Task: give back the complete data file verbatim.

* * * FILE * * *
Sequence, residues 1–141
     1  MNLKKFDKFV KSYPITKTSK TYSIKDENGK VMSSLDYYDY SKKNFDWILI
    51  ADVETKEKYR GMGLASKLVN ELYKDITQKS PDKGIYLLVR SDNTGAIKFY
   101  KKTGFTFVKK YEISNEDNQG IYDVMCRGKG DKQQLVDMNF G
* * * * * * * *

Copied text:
Sequence, residues 1–141
     1  MNLKKFDKFV KSYPITKTSK TYSIKDENGK VMSSLDYYDY SKKNFDWILI
    51  ADVETKEKYR GMGLASKLVN ELYKDITQKS PDKGIYLLVR SDNTGAIKFY
   101  KKTGFTFVKK YEISNEDNQG IYDVMCRGKG DKQQLVDMNF G